The protection of children and the prevention of violations against them should and must be prioritised in mediation and peacebuilding efforts to ensure long-lasting and sustainable peace in countries affected by armed conflict. This voluntary practical guidance aims to provide tools for mediators and other parties involved in peace processes to achieve this goal. It is applicable to international mediators as well as national dialogue participants from all parties to a conflict.
One of the findings of the consultative process carried out for the development of the guidance was that during peace discussions, child protection issues are mostly addressed in an ad-hoc manner as priorities identified by parties to conflict and through the support of mediators. Most of peace dialogues are not necessarily focused on children and this needs to change. The protection of children must be put at the core of all peacebuilding and mediation efforts not only because this is a good entry point for all items to be negotiated but also because in securing them we protect children immediately and prevent their use and abuse in future. Children are and should be the pillar upon which sustainable peace, justice and reconciliation are built.
In some situations, it is much easier to tackle issues related to the protection of children as opposed to other priorities identified by negotiating parties. Engaging on issues related to the protection of children in armed conflict may open the doors to address other priorities that negotiating parties want to consider in the framework of a peace process, including on governance, and security sector reform, among others.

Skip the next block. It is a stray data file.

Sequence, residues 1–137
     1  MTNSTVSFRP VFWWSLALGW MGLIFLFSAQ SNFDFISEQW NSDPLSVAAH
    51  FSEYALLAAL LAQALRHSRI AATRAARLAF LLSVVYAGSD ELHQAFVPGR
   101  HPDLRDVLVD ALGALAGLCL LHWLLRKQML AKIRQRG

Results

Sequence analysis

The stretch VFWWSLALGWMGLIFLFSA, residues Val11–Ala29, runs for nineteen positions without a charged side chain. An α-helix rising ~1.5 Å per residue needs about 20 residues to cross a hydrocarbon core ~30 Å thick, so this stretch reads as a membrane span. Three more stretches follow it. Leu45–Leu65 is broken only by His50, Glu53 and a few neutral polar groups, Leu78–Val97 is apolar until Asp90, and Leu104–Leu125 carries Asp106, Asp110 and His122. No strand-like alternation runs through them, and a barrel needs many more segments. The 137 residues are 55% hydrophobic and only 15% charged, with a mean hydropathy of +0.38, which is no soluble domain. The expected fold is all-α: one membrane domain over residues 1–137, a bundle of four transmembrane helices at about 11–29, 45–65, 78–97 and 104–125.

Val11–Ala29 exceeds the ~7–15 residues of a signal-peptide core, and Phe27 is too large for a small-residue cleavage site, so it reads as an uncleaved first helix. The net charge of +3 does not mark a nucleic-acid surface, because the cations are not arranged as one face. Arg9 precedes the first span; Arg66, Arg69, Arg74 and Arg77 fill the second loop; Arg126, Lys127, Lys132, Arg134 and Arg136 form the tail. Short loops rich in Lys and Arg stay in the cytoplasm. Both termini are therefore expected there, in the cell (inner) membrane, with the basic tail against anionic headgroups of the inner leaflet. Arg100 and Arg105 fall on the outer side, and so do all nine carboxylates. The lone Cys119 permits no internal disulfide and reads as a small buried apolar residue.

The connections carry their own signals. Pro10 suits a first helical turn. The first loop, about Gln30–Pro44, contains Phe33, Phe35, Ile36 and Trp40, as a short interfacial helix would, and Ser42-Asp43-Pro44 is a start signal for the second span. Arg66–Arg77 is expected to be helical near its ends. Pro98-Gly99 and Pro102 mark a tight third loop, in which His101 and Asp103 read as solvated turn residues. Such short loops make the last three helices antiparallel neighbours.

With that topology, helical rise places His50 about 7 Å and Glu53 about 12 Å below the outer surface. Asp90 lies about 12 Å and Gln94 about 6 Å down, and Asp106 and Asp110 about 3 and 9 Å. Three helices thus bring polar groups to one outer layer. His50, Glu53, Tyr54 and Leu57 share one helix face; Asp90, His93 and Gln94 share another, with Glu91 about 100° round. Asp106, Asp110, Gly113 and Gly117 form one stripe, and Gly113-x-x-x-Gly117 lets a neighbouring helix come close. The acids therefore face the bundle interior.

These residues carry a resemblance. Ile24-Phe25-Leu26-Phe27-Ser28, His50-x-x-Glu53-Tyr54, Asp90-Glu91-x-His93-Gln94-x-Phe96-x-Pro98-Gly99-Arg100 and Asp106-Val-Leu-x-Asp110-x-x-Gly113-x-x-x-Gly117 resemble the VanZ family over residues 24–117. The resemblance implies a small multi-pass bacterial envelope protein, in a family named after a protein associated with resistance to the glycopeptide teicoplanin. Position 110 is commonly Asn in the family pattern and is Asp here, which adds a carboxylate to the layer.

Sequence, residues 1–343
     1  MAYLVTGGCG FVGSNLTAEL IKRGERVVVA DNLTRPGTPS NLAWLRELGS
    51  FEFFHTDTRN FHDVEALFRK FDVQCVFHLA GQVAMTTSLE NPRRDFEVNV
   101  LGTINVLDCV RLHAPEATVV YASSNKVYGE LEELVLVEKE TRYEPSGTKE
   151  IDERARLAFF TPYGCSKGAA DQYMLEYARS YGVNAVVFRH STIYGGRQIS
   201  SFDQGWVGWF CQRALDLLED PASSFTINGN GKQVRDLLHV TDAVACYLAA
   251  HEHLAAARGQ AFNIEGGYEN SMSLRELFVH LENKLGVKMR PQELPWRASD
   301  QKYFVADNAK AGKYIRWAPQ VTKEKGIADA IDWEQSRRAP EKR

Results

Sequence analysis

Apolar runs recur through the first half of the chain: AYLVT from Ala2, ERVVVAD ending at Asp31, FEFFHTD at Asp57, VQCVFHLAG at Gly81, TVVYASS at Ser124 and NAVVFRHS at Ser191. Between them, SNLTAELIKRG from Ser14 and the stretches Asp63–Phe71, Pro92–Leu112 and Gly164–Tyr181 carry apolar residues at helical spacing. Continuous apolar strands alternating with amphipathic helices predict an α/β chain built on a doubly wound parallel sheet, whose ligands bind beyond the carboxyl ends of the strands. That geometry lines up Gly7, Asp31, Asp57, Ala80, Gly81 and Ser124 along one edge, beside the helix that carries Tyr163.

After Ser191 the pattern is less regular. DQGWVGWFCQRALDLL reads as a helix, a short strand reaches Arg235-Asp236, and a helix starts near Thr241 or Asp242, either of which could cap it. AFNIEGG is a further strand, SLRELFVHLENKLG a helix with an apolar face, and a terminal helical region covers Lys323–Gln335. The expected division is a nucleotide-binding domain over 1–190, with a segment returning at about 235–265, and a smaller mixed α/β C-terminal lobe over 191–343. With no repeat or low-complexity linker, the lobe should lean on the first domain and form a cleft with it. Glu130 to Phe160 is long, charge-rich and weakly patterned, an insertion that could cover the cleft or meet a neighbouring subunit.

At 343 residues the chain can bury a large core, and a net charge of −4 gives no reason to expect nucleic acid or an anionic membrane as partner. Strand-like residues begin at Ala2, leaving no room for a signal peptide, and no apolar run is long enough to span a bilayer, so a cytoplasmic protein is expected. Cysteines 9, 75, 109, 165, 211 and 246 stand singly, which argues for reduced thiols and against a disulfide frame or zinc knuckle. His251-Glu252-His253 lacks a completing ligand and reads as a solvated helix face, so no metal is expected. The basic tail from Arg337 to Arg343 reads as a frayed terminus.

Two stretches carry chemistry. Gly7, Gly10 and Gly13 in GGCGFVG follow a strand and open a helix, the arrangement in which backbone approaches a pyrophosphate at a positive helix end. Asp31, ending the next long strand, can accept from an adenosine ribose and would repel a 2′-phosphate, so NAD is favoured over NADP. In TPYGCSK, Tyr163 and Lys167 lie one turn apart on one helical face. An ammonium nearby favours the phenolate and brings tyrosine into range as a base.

Excellencies, ladies and gentlemen,
Looking ahead, it is important that each one of us here commits to ensuring this guidance is not only disseminated widely, but also implemented. This tool is not aimed to be an UN-centred document, it targets Member States to support them in putting children at the centre of initiatives aimed at preventing and ending conflicts but it is also useful as a tool to all parties of conflict in national dialogues of peace and on regional attempts at the construction of peace. By identifying best practices for the integration of child protection issues into peace processes, this practical guidance will support prevention and mediation efforts by the United Nations, by regional, sub-regional, national and local actors including all parties to conflict and all conflict affected communities.
By the end of this year, I hope to be able to organize at least one regional workshop with national and regional counterparts to develop implementation plans out of this guidance adapted to the relevant context or contexts.
To conclude, I strongly encourage Member States, regional and sub-regional organizations, mediators, parties to conflict and other actors involved in peace processes to make full use of this practical guidance. It is of utmost importance that all of us here commit to make good use of this new tool and to circulate it widely, so as to achieve the greatest possible impact for the protection of all children affected by armed conflict globally, to prevent children from use and abuse in, for and by conflict and to ensure children will be empowered to be active agents of change for peace nationally, regionally and globally.